Formula One

Marko: Selling F1 to culturally different country ‘not so good’


Red Bull motorsport boss Helmut Marko has weighed in on a recent report claiming that Saudi Arabia’s sovereign wealth fund has shown an interest in acquiring Formula 1.

The report, published by Bloomberg ten days ago, alleged that Saudi Arabia’s Public Investment Fund (PIF) had held tentative talks with commercial rights holder Liberty Media but that the latter had rejected an offer estimated at over $20 billion!

Despite the rebuff, Saudi’s wealth fund remains interested in F1, an asset that it hopes to add one day to its growing portfolio of sporting franchises and events.

While Formula 1 itself did not comment on the report, FIA president Mohammed Ben Sulayem had plenty to say about a prospective deal that may or may not have been in the works.

Ben Sulayem expressed his skepticism over the alleged $20 billion valuation of F1, which he called an “inflated price tag”, but also his worry over a potential suitor’s money being put before a “sustainable” plan that would consider the greater good of F1.

Formula 1 hit back at the Emirati’s remarks calling them “unacceptable” and a case of the FIA meddling with the sport’s commercial rights.

Queried on the report, Marko admitted that a $20 billion offer, if such a proposal was tabled, would be good for F1. However, the Austrian suggested that selling the sport to Saudi Arabia would not be so good.

“I think it wouldn’t be so good if it went to a country that is culturally different from where most of the races take place,” Marko told RTL.

“And generally it’s a commercial thing, and that’s more likely to happen with someone who meets normal corporate standards, if you want to put it that way.”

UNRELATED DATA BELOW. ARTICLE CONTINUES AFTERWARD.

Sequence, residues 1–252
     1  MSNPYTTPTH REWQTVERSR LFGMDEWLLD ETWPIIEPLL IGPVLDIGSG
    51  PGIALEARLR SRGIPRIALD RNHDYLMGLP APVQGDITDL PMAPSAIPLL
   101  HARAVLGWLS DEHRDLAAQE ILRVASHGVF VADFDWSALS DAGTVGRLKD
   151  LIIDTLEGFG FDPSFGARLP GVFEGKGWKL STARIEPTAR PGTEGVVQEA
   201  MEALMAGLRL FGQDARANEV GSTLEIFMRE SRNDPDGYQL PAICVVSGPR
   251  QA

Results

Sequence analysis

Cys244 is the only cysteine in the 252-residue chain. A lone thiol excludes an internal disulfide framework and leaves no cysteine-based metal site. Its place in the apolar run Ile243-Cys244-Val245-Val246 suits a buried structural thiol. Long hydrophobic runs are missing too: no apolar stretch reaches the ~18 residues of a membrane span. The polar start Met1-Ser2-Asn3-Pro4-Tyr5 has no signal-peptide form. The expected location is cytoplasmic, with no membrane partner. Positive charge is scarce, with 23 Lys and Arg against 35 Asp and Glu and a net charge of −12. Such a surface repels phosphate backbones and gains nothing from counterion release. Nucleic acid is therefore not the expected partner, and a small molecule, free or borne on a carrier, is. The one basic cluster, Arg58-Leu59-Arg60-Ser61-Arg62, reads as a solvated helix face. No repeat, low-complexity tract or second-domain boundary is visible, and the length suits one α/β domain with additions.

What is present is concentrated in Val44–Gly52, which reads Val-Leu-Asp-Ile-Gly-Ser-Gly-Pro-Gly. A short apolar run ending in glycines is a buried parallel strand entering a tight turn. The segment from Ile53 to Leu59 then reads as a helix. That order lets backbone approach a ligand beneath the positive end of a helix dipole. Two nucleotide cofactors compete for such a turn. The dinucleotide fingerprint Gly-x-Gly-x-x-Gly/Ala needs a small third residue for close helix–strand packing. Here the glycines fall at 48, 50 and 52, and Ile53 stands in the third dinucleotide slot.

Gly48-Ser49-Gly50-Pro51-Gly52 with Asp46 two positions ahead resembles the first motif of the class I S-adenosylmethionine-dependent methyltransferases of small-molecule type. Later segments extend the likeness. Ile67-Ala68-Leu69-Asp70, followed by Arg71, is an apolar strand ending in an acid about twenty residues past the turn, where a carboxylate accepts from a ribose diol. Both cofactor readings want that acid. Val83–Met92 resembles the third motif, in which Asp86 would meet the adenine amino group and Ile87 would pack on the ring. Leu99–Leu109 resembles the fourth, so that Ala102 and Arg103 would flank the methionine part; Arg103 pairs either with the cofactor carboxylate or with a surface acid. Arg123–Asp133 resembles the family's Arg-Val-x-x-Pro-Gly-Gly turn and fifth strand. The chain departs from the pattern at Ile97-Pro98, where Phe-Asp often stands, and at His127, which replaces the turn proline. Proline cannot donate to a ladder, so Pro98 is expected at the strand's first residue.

Formula 1 – which holds a ten-year contract with Saudi Arabia – has been accused by human rights associations of “sportwashing” the country’s controversial regime.

Upon F1’s return to Jeddah last year, just a few months after Saudi Arabia hosted its inaugural F1 event, seven-time world champion Lewis Hamilton admitted that he did not feel comfortable racing in the Kingdom.

The Briton was expressing himself just days after being sent a letter by the family of a young prisoner set to be executed and several weeks after a mass execution in the country.

This year, drivers will be restricted on race weekends to speak their mind on political issues as part of the FIA’s clampdown on political activism in F1 by the sport’s stars.

Marko took aim at the FIA’s new sporting rules, saying that silencing drivers is “wrong”.

“That is clearly wrong,” he said. “They are responsible citizens who are in the global public eye and who know how and what they have to say.

“In general we are in a democratic society and everyone can express their opinion.”

Keep up to date with all the F1 news via Facebook and Twitter

Marko: Selling F1 to culturally different country ‘not so good’

You must be logged in to post a comment Login